Top scientist admits 'space telescope image' was actually a slice of chorizo
(CNN) -- A French scientist has apologized after tweeting a photo of a slice of chorizo, claiming it was an image of a distant star taken by the James Webb Space Telescope.
Étienne Klein, a celebrated physicist and director at France's Alternative Energies and Atomic Energy Commission, shared the image of the spicy Spanish sausage on Twitter last week, praising the "level of detail" it provided.
"Picture of Proxima Centauri, the nearest star to the Sun, located 4.2 light years away from us. It was taken by the James Webb Space Telescope. This level of detail... A new world is unveiled everyday," he told his more than 91,000 followers on Sunday.
The post was retweeted and commented upon by thousands of users, who took the scientist by his word.
Things, however, were not quite as they seemed.
Klein admitted later in a series of follow-up tweets that the image was, in fact, a close-up of a slice of chorizo taken against a black background.
"Well, when it's cocktail hour, cognitive bias seem to find plenty to enjoy... Beware of it. According to contemporary cosmology, no object related to Spanish charcuterie exists anywhere else other than on Earth"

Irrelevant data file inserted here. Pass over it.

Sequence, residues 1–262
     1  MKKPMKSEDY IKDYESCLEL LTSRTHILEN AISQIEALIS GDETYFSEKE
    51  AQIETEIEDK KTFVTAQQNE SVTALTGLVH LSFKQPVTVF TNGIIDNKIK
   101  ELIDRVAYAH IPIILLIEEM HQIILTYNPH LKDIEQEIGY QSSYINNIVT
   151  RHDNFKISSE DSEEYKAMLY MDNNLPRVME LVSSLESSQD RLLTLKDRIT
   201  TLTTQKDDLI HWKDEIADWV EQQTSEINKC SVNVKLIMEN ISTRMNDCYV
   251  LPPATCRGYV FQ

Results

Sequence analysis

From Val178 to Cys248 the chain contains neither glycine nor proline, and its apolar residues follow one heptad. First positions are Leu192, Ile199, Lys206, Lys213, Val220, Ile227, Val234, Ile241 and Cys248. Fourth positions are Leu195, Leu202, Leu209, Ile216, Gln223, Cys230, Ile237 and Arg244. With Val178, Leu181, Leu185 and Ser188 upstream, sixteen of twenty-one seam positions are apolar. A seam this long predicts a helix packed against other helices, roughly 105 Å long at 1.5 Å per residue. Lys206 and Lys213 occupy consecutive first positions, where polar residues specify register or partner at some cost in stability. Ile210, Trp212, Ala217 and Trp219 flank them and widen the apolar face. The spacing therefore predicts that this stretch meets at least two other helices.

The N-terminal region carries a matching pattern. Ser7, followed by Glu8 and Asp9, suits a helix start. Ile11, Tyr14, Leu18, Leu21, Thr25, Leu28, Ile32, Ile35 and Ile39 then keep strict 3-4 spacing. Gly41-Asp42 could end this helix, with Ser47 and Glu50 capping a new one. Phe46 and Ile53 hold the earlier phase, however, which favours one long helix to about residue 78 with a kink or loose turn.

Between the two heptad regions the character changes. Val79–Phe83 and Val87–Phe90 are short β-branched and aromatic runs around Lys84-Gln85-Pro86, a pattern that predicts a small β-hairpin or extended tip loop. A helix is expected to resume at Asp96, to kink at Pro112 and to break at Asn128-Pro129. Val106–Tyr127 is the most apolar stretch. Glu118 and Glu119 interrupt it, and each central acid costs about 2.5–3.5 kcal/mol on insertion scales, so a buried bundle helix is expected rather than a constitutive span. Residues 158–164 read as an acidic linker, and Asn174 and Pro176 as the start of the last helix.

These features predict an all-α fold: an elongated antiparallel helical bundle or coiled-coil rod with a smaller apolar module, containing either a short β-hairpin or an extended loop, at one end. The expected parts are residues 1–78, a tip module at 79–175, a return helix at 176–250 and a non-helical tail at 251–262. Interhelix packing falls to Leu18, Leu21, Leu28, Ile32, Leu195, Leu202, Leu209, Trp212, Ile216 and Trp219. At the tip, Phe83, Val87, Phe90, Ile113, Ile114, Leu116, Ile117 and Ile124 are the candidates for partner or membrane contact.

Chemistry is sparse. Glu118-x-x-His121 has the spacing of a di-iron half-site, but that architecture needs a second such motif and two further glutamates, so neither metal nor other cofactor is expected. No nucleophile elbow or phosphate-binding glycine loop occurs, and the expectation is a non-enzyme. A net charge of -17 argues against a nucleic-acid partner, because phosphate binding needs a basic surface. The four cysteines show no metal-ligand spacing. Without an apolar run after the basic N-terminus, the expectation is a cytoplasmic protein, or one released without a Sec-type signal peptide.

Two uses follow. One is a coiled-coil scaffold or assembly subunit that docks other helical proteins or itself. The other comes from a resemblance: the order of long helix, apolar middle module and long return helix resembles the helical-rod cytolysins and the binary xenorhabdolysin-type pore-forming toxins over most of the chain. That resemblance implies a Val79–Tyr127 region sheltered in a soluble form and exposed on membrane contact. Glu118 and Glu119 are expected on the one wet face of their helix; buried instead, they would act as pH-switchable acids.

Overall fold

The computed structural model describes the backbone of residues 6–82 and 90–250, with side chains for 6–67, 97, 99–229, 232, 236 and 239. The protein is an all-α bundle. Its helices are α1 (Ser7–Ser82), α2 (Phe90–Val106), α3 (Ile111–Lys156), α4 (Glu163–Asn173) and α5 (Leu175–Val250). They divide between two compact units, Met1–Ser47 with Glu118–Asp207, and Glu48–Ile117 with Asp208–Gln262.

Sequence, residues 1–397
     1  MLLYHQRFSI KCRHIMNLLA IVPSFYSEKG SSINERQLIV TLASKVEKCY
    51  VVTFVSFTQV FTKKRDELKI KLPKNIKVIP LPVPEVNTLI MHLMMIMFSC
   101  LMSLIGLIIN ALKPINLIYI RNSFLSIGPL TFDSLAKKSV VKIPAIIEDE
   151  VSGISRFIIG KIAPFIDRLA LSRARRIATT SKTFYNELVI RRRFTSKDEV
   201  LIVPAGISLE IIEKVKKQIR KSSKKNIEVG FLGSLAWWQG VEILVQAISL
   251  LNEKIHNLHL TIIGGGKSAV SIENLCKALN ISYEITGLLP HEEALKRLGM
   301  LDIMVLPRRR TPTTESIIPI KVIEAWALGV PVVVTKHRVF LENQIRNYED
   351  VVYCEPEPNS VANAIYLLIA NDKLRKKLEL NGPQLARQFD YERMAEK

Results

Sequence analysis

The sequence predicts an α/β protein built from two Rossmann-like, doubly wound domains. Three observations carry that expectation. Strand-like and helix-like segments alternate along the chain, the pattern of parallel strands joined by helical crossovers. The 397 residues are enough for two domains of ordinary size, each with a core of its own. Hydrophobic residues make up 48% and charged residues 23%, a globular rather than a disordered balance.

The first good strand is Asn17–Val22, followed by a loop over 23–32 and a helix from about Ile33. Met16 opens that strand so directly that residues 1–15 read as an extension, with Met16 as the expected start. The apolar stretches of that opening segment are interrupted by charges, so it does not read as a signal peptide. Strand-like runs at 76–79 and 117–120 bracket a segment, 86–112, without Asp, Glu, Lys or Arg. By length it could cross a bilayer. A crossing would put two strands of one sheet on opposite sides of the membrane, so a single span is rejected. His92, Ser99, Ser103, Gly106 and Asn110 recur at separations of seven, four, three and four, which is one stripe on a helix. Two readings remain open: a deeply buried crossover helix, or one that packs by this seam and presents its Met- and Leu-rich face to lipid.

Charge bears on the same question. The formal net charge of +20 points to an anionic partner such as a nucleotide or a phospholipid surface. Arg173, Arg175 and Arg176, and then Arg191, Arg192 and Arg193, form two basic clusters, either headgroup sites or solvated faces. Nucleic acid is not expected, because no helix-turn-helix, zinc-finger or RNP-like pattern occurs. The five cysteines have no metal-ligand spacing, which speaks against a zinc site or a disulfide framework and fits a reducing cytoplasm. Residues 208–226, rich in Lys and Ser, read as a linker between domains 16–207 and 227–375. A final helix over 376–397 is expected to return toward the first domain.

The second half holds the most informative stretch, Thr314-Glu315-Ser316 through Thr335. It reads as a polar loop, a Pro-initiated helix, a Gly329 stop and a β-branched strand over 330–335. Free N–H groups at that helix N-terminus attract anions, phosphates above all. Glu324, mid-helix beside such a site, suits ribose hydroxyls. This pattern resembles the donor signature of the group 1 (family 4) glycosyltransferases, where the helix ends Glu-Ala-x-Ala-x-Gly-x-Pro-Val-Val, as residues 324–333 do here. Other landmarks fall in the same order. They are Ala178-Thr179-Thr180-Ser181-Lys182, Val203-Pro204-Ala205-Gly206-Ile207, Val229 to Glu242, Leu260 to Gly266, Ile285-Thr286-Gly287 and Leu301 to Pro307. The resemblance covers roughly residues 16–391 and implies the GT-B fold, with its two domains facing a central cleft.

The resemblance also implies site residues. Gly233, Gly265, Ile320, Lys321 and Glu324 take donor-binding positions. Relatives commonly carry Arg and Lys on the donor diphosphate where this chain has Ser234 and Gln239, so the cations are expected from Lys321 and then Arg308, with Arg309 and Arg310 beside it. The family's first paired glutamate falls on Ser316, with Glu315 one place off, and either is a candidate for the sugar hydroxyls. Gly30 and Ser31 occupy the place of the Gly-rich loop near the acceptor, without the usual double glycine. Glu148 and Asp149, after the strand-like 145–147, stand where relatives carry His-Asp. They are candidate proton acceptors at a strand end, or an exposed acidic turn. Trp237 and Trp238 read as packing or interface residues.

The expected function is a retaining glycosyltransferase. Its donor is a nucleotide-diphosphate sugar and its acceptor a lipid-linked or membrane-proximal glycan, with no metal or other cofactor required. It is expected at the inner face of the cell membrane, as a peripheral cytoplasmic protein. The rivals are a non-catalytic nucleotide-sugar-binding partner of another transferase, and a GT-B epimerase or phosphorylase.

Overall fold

After facing a backlash from members of the online community for the prank, he wrote: "In view of certain comments, I feel obliged to specify that this tweet showing an alleged picture of Proxima Centauri was a joke. Let's learn to be wary of the arguments from positions of authority as much as the spontaneous eloquence of certain images."
On Wednesday, Klein apologized for the hoax, saying his intention was "to urge caution regarding images that seem to speak for themselves."
In a bid to make amends, he posted an image of the spectacular Cartwheel galaxy, assuring followers that this time the photo was genuine.
The Webb telescope, the most powerful telescope ever launched into space, officially began scientific operations on July 12. It will be able to peer inside the atmospheres of exoplanets and observe some of the first galaxies created after the universe began by viewing them through infrared light, which is invisible to the human eye.
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